Used 2012 Ford Mustang Review
In any of its iterations, the 2012 Ford Mustang lineup represents the best pony car you can buy today.
After numerous improvements to the Mustang lineup last year, we wouldn't have been surprised this year to see Ford's engineers just sit back and watch their winning horse run circles around its competition. As it turns out, though, they've been busily creating yet another highly desirable model to join the stable.
For 2012, Ford reintroduces the Mustang Boss 302, a nameplate that recalls the Boss 302 of 1969. Just as before, the new Boss 302 is a track-tuned beast, and it should also be both great to drive and even potentially collectible. Numerous engine enhancements kick output up to 444 horsepower, and the Boss receives a host of other hardware upgrades to handle the extra fury under the hood.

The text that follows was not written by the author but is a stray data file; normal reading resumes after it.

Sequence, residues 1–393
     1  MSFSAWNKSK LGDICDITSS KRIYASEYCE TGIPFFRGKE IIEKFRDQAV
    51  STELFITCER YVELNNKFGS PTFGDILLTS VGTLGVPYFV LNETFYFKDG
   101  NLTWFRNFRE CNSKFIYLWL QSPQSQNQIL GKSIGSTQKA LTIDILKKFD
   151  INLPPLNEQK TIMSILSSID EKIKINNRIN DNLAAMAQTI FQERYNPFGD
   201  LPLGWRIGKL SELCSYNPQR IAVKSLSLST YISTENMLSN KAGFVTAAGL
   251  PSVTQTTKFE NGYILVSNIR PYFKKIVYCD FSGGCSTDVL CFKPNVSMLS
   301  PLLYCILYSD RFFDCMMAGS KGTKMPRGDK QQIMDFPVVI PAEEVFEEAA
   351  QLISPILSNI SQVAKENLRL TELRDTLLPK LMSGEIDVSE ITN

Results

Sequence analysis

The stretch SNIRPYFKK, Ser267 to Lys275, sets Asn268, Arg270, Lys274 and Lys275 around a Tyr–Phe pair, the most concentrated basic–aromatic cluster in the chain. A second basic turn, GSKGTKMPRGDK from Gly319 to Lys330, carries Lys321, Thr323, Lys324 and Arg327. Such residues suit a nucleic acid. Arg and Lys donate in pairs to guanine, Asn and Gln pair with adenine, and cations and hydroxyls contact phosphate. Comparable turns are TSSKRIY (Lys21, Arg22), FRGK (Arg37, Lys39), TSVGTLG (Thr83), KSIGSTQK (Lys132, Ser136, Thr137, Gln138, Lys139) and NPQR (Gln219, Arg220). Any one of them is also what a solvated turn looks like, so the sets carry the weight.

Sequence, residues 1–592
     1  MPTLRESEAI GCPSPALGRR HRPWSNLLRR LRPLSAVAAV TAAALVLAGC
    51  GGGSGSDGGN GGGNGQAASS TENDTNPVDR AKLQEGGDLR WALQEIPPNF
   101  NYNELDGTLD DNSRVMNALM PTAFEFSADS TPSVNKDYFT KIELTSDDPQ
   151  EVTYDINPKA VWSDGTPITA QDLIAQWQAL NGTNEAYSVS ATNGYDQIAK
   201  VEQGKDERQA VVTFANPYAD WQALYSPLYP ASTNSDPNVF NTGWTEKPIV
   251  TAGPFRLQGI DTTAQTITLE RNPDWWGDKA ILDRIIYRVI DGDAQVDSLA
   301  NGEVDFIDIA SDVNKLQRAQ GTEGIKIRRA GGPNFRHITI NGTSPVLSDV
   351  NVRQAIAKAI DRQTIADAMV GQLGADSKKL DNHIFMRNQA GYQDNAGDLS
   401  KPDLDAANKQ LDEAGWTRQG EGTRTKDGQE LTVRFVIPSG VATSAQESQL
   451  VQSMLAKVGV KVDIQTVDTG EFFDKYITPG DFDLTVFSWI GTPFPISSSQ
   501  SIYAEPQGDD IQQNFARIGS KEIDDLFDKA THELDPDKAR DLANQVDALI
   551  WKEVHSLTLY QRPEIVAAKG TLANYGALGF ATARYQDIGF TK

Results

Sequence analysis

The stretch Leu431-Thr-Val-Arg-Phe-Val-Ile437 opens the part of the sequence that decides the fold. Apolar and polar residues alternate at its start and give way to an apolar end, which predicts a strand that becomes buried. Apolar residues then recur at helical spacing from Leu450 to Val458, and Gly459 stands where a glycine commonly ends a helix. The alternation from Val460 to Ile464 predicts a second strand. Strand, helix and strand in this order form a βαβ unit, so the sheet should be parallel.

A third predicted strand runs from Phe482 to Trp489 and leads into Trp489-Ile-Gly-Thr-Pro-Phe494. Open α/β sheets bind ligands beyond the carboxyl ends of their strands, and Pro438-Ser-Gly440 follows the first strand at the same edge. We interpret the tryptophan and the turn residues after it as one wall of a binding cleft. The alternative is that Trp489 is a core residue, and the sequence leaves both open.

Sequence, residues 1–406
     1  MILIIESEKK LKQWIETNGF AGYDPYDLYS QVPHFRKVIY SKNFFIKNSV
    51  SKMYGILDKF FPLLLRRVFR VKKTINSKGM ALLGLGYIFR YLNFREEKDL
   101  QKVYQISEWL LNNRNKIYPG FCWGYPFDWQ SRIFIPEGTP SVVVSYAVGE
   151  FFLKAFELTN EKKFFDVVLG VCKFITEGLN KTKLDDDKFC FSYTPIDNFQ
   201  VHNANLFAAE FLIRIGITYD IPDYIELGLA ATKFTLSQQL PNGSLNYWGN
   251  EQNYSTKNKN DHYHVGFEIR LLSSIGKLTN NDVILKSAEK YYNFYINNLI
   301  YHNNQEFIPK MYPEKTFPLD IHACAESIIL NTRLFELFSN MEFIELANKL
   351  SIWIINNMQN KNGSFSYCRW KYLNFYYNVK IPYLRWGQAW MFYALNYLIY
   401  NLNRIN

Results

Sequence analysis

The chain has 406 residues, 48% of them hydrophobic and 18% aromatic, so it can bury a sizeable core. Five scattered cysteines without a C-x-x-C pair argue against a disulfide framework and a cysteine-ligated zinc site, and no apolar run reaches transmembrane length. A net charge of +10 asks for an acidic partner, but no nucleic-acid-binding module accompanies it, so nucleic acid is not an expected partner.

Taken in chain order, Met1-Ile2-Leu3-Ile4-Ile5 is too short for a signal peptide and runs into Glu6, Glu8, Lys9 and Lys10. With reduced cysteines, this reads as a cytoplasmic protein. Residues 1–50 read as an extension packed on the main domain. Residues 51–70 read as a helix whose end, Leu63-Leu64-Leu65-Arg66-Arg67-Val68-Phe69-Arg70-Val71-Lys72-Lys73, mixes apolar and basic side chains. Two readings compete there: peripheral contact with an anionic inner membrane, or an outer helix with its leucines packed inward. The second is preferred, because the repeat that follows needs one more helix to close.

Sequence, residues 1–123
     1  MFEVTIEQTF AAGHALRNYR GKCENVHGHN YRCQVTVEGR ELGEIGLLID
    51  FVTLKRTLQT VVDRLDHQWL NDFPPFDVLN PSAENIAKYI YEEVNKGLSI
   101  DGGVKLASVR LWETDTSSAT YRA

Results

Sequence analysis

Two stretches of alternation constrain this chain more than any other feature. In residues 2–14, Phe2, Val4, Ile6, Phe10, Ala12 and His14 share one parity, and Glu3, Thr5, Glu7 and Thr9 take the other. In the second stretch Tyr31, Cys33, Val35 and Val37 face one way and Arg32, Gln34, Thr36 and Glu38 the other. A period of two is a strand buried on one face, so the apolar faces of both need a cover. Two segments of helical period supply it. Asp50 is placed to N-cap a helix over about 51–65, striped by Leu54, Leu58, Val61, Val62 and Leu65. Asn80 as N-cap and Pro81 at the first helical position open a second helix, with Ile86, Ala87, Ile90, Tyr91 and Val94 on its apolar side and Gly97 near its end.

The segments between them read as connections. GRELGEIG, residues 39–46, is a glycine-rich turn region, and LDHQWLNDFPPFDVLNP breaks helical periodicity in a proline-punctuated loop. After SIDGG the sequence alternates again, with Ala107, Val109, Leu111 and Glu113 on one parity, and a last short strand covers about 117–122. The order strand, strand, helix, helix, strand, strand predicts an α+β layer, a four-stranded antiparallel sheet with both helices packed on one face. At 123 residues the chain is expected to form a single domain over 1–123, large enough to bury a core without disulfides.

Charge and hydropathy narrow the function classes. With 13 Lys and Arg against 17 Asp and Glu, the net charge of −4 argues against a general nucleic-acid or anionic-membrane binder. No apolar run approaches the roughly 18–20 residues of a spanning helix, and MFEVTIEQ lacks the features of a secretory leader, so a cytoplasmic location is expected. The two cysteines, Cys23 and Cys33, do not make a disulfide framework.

Supporting the new Boss 302 are two Mustangs that are capable in their own right. The entry-level Mustang's V6 engine churns out an impressive 305 hp and earns a laudable 31 mpg on the EPA highway cycle. The V8-powered GT brings even more power into the mix. For both models Ford offers an impressive array of options, including suspension and brake upgrades and the innovative Sync electronics system.
As good as the Mustang is, there are a few minor faults. The interior still has its share of cheap plastic, while the lack of a telescoping steering wheel means a compromised driving position for some. The new-generation Mustang is also a victim of its own success when it comes to styling, because there are too many on the road to turn heads.
The 2012 Ford Mustang isn't the only horse in the race, either. The 2012 Dodge Challenger provides a more spacious interior, while the more dramatically styled 2012 Chevrolet Camaro will likely collect a lot more attention. The Mustang pulls away in the home stretch, however, as it presents the most complete package overall.
trim levels & features